He was 35, he said, before he could really feel the truth of that. He was walking down the street, and it “stopped me dead. I went, ‘Oh, I'm grateful. Oh, I feel terrible.’ I felt so guilty to be grateful. But I knew it was true.”
Throughout his life, Colbert has ingested a heavy dose of amor fati. As Frederich Nietzsche describes it, “My formula for greatness in a human being is amor fati: that one wants nothing to be different, not forward, not backward, not in all eternity. Not merely bear what is necessary, still less conceal it...but love it.” The power that Colbert has gained in life by accepting his fate is so immense that it is difficult to fathom. It is security in the knowledge that everything happens for a purpose, and that it is up to him to make this purpose something positive and active.
Above: A bright umbrella and a brighter disposition.
Dubbed the “Queen of Pain” and the “Michael Jordan of Obstacle Course Racing,” Amelia Boone has dominated the grueling world of Tough Mudders and Spartan Races with over fifty podiums and two dozen victories. A corporate attorney at Apple by day and an endurance racer by night, she signed up for her first Tough Mudder race at age 28 when she realized she couldn't do a single pull-up. Since that day, she has gone on to become a four-time world champion and one of the most decorated obstacle racers in history — all while working full-time. A number of quotes stand out from her interview with Shane Parrish:
“I like the quote from Cheryl Strayed’s Brave Enough — ‘Hello, fear. Thank you for being here. You’re my indication that I’m doing what I need to do.’”
“I make friends with pain. We spend so much time trying to avoid pain, yet it’s something that teaches us so many lessons.”
“I’m not the strongest. I’m not the fastest. But I’m really good at suffering.”
Above: The Queen of Pain trekking through her kingdom.
You might say, “Okay, Tom. Inspiring examples, but where does this leave regular old me? I am neither intrepid priest nor acclaimed late-night talk show host. I certainly don’t reign supreme as king or queen of pain. What am I to do?”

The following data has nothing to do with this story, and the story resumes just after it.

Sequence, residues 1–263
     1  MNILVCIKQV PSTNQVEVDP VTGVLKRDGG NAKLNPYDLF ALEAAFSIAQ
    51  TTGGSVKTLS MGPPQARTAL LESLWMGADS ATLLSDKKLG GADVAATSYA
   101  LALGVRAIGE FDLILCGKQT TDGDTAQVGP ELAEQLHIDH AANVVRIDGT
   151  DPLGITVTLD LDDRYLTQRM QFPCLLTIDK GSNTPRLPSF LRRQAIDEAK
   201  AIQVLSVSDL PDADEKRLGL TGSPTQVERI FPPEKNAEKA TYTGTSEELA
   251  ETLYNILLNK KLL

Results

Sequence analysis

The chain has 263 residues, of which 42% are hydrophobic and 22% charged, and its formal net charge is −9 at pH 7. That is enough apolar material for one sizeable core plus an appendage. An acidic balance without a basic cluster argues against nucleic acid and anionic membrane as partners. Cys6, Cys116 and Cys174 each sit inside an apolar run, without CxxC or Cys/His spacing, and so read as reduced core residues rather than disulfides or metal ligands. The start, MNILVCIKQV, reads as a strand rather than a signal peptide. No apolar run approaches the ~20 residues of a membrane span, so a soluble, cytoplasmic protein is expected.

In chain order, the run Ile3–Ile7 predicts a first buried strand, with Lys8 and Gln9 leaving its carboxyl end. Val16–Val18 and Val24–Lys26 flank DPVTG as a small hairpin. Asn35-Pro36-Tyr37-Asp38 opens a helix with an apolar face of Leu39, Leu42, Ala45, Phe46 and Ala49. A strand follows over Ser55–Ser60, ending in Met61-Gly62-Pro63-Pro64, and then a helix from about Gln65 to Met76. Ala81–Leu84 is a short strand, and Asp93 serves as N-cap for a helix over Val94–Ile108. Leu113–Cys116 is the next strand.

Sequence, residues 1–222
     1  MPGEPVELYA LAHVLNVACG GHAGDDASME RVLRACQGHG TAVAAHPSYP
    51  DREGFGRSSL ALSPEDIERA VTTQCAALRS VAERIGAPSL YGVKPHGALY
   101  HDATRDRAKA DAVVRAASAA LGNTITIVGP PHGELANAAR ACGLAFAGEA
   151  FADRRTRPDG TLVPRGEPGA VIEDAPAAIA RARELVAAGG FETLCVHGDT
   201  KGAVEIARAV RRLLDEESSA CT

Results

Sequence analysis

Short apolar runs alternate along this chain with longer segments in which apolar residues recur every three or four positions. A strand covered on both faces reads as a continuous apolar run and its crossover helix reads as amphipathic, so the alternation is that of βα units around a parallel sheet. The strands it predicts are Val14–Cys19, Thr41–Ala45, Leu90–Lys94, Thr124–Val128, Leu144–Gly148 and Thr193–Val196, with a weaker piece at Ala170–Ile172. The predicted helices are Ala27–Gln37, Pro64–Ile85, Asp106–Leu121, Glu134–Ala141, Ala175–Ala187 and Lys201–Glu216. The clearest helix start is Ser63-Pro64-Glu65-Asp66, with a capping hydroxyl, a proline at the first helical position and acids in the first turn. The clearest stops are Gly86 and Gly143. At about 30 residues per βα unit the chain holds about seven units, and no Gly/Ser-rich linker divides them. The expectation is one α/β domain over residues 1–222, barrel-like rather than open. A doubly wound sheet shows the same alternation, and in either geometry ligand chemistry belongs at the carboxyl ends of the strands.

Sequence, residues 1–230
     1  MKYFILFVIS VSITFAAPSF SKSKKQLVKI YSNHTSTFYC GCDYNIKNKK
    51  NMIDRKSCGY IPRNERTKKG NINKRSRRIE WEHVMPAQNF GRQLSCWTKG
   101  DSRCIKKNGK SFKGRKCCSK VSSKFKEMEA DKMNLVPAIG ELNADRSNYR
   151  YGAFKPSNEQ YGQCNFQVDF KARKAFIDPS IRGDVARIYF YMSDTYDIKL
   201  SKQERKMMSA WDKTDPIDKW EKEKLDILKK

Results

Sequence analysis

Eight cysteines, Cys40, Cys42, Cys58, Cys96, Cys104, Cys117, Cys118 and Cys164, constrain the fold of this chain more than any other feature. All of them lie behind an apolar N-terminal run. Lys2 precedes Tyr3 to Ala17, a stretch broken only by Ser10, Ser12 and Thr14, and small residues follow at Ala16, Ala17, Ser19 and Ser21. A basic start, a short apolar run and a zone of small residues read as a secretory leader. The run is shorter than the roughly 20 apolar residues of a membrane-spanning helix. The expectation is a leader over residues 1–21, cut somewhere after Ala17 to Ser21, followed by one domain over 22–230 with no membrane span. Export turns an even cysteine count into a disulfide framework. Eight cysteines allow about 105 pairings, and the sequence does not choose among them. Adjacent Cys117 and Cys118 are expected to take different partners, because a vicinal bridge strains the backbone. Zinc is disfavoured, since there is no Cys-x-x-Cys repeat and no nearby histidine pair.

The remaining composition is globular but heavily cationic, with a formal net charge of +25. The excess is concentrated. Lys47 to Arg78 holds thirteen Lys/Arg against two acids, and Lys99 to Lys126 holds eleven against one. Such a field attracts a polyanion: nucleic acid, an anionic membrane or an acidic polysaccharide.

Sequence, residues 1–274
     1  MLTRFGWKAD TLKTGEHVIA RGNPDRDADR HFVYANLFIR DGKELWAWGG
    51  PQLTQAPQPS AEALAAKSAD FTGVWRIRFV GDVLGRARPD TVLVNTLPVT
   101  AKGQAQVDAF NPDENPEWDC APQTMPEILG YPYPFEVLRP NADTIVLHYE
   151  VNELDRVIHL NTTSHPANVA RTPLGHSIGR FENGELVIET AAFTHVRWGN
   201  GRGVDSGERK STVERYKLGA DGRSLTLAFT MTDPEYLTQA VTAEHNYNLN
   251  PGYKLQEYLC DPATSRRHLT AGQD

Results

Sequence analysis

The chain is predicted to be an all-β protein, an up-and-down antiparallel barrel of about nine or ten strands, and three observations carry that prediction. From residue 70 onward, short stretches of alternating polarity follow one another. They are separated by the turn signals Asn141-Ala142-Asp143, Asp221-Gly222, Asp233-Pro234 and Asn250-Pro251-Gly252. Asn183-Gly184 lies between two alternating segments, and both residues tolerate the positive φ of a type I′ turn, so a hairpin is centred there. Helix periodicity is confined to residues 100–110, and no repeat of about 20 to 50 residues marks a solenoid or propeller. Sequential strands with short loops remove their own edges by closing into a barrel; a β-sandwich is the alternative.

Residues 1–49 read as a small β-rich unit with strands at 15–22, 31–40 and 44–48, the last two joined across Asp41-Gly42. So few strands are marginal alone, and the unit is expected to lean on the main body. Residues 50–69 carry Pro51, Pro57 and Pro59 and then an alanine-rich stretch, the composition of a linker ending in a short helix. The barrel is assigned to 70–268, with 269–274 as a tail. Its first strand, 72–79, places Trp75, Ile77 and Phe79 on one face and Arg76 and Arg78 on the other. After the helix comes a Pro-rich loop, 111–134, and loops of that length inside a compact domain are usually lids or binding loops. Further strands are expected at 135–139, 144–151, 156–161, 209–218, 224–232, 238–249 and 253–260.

These are fair and valid questions.
In my mind, we must meet these waves with a clear courage and with a focused fortitude. When wading through the rough surf of life, with the wind whipping past you and the faint hint of salt on the back of your tongue…
To be continued next week!
The Best of the Rest
After a rather heavy treatment of a difficult topic, I thought some levity and joy was in order. This week’s Best of the Rest lists things that elicited a chuckle, cracked a smirk, or prompted delight:
🛹 The mesmerizing skills and ingenuity of Japanese Skateboarder Isamu Yamamoto. The below video is worth watching in full. Just when you think Yamamoto is done, he ups the ante and gets even more creative.
🛁 No More Ideas Down the Drain! | Aqua Notes
My best ideas often come at the worst possible times. They never arrive while I’m sitting at the computer and staring down the mocking jump of a flashing cursor. In fact, I am often rather damp when creativity strikes. This is to say that inspiration commonly seizes me when showering. It is as if I can only truly, deeply think when away from digital distraction and cleaning fodder from body and mind. Recently I discovered a game changer: Aqua Notes. They’re a lean, mean, water-repellant, idea-preservation machine!
🐠 An opportunity to sleep with the fishes (or mammals, or walruses, or polar bears, or penguins, or Siberian tigers) at the Pairi Daiza Resort.
Located in the Pairi Daiza zoo, guests of the Pairi Daiza Resort get the chance to sleep inside their own animal exhibit. The 50-room, Belgian hotel features suites that share a glass wall with walruses, polar bears, penguins, and Siberian tigers. Some rooms even catch a glimpse of the mammals while swimming underwater. Aside from the one-of-a-kind views, the accommodations offer luxury furnishings with comfortable beds, sitting areas, and a TV for when you're not watching your playful neighbors. Overnight guests also get 24-hour access to the surrounding lands and early access to the rest of the park as well as breakfast and dinner.
Per my about page, White Noise is a work of experimentation. I view it as a sort of thinking aloud, a stress testing of my nascent ideas. Through it, I hope to sharpen my opinions against the whetstone of other people’s feedback, commentary, and input.
If you want to discuss any of the ideas or musings mentioned above or have any books, papers, or links that you think would be interesting to share on a future edition of White Noise, please reach out to me by replying to this email.
With sincere gratitude,